translated by Fay Thomev
Tpb: 271 pgs 66 folktales
Price: $29 CAD USD $25
Marko Cepenkov (1829 – 1920) dedicated his whole life to collecting and preserving for posterity, the enormous wealth of Macedonian folk literature. The literature embodies the deepest layers of the Macedonian collective consciousness, wisdom and philosophy of the life of an area at the crossroads of cultures, civilizations, peoples and languages. Cepenkov collected in his lifetime more than 800 tales, 710 songs, 5032 folk proverbs, etc. His collection spanned games, pledges, curses, blessings, folk traditions, customs, descriptions of crafts and musical instruments, personal names and surnames.
This is the first extensive presentation of Cepenkov’s work in English, published by Macquarrie University in Australia.
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translated by Christina E. Kramer
Tpb 262 pages © 2012
Price: $16 CAD USD$13
Goce Similevski,, a winner of the European Union Prize for Literature in 2010 for this novel.
Set in Vienna in 1938 about the time when Austrian Jews started to learn their fate under Hitler, and Sigmund Freud, the father of psychoanalysis was practicing. Based on these facts, this searing novel gives a haunting voice to his youngest sister, Adolfina – “the sweetest and best of my sisters” – a gifted sensitive woman who was spurned by her mother, and never married. She was witness to her brother’s genius and to the cultural and artistic splendor of Vienna in the early 20th Century.
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By: Luan Starova (translated by Christina E. Kramer)
Tpb: 154 pages
Price: $24 CAD/USD
The novel is set in the late 1940’s in Skopje, Yugoslavia. This was a critical time leading to Tito’s break with Stalin. Pushed to leave mountain villages to become the new proletariat in urban factories, a flood of peasants crowd into Skopje—and with them—their goats. Suffering from hunger, Skopje’s citizens welcome the newcomers. But municipal leaders are faced with a dilemma when the central government issues an order calling for the slaughter of the country’s goat population. With food scarce, will the population hide the animals, or comply?
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The Macedonian question has been the central issue dividing the Balkan people. States such as neighbouring Bulgaria, Greece and Serbia have struggled for the possession of Macedonia. The hearts, minds and even the culture of the Macedonians were up for grabs. It was a battlefield and this left the people, especially those in the countryside, vulnerable and unprotected.
One can only understand this tragedy by reducing it to just one couple. Ion and Velika’s story is the story of every man and woman and the author Andreevski has captured the feel of the times, the utter devastation of body and soul that this couple suffered, when all they sought were normalcy.
This very famous novel is set during the Balkan wars, WWI and the years after. The place — a village in Macedonia. The area had been ruled by the Ottoman Empire for five centuries. When people are occupied, ravaged by war, trampled on, denied universally, and lines of demarcation are changed with the erasers of the occupying powers, they cling to the ordinary, the familiar, their life in the village.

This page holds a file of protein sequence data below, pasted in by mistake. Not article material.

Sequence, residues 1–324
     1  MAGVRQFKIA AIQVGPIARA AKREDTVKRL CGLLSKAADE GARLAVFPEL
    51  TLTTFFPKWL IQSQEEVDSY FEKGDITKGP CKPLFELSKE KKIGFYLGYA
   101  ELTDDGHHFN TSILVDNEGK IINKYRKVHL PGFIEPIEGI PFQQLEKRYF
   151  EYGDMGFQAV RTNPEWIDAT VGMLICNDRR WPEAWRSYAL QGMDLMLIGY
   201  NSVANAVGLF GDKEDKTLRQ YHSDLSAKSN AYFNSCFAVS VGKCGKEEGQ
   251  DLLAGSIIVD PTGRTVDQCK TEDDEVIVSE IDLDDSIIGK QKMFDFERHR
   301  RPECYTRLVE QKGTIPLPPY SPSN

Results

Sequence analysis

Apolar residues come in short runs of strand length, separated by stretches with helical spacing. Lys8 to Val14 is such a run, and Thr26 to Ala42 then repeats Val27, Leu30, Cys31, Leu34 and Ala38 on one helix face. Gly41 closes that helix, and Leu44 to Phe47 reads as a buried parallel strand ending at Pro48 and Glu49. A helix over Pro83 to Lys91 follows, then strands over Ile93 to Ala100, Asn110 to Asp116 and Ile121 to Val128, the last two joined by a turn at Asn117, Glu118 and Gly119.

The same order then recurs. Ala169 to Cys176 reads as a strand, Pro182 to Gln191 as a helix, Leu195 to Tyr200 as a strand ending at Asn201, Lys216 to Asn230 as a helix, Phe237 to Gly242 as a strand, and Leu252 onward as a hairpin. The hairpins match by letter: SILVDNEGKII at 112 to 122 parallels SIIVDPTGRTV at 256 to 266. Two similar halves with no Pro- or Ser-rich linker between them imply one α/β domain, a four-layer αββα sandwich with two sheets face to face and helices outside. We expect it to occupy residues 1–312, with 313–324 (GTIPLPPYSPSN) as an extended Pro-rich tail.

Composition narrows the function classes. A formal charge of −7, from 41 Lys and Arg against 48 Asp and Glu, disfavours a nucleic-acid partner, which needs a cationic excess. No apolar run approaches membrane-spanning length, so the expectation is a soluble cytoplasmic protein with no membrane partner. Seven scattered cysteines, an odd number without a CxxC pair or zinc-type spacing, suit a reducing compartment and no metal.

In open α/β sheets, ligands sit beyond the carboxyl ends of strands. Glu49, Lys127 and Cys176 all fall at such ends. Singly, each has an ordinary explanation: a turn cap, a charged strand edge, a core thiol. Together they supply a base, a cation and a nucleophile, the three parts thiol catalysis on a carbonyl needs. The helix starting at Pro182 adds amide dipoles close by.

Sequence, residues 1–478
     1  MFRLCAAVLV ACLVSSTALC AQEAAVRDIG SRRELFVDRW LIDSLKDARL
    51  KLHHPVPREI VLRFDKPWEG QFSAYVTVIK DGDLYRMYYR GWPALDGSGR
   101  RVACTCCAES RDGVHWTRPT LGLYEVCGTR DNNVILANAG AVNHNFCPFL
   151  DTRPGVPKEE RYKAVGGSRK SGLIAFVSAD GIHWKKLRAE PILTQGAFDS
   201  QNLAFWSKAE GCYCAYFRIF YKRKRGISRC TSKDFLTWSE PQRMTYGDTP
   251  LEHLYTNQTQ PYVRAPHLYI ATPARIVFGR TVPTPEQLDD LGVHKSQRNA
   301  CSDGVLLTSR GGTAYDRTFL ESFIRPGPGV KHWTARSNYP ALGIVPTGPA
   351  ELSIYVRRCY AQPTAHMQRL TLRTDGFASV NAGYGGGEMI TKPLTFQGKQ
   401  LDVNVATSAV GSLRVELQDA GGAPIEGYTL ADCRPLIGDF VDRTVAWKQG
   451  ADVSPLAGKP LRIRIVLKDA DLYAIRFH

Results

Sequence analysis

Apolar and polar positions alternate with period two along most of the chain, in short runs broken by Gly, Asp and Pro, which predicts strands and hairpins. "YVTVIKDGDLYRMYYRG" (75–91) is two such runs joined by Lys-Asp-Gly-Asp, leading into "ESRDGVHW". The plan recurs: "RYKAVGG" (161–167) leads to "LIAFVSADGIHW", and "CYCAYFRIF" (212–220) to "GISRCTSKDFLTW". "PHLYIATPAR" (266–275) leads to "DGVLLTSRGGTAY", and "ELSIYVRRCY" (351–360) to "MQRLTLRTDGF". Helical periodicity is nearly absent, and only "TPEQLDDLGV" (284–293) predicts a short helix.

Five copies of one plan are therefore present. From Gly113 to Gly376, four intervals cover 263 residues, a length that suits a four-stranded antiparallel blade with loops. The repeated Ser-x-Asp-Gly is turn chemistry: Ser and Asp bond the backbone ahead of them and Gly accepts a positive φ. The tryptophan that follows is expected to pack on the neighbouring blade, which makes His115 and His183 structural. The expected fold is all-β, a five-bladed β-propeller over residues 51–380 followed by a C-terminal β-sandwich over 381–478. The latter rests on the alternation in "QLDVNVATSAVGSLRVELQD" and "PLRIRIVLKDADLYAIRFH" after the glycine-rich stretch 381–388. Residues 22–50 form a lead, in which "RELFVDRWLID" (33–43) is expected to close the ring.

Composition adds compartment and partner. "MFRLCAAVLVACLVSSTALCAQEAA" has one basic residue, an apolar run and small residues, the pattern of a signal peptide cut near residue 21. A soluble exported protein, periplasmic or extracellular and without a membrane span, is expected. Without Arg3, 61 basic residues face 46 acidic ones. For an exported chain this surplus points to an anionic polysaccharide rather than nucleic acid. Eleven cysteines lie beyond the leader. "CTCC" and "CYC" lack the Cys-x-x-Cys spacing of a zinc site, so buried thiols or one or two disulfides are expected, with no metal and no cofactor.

The opening scene is a village funeral, where we find a son, a soldier and foreign troops. The son is told about his own family’s story, and how his mother and father were forever altered by their experiences.
We learn about Velika, as she was as a young bride, with no one to teach her the superstitions of a Macedonian wife and mother, and had to learn them from friends and experience the consequences if she did not abide by them. The customs and superstitions which affected each and every person in the village were as important as their religion.
Ion, her husband, through no fault of his own, finds himself in the thick of battle, fighting on the side of the Serbians. All he really wanted was to continue making things in his village. Now, as he surges forward on the battlefield, he happens to notice the beech tree and he imagines all the things he could make with it, such as naves for wheels, axles, charcoal, etc. The mundane in the middle of hell. Ion is told to look for an enemy soldier in “no man’s land”. If he is successful in capturing this soldier, his Serbian commander “promises” he will let him “go home” for a few days. By chance he captures his brother, fighting in the Bulgarian army. Neither man had any choice as far as their respective armies. Their names were changed by whatever army they happened to be unlucky enough to be part of. Their aim was to survive this hell and go home.
When the village is eventually hit with disease and people were dying in droves, and Masa the Healer could not prevail, someone suggested that “a thousand years ago they burned dogs alive to ward off disease”. In their superstitions they thought that the cruel death of their animals would make the disease go away. But Velika managed to save their dog, but could not save her children.
The population was broken in ways we cannot fathom. And yet Macedonians survive, like the Pirey of the title, which is a couch grass. No matter how hard you try to kill it, it survives, and even thrives. The Macedonian question is still there, and until it is answered, the bones cannot rest easy.
This is a heartrending story, which is told in parallel manner. We hear from each of the couple, their own experiences and feelings.
The author, Petre Andreevski, was a Macedonian poet and novelist and playwright. This is one of the most celebrated novels of modern Macedonian literature and his work has been translated into many languages. However, this is the first translation of Pirey into English. He based this novel on his parent’s generation and their experience.
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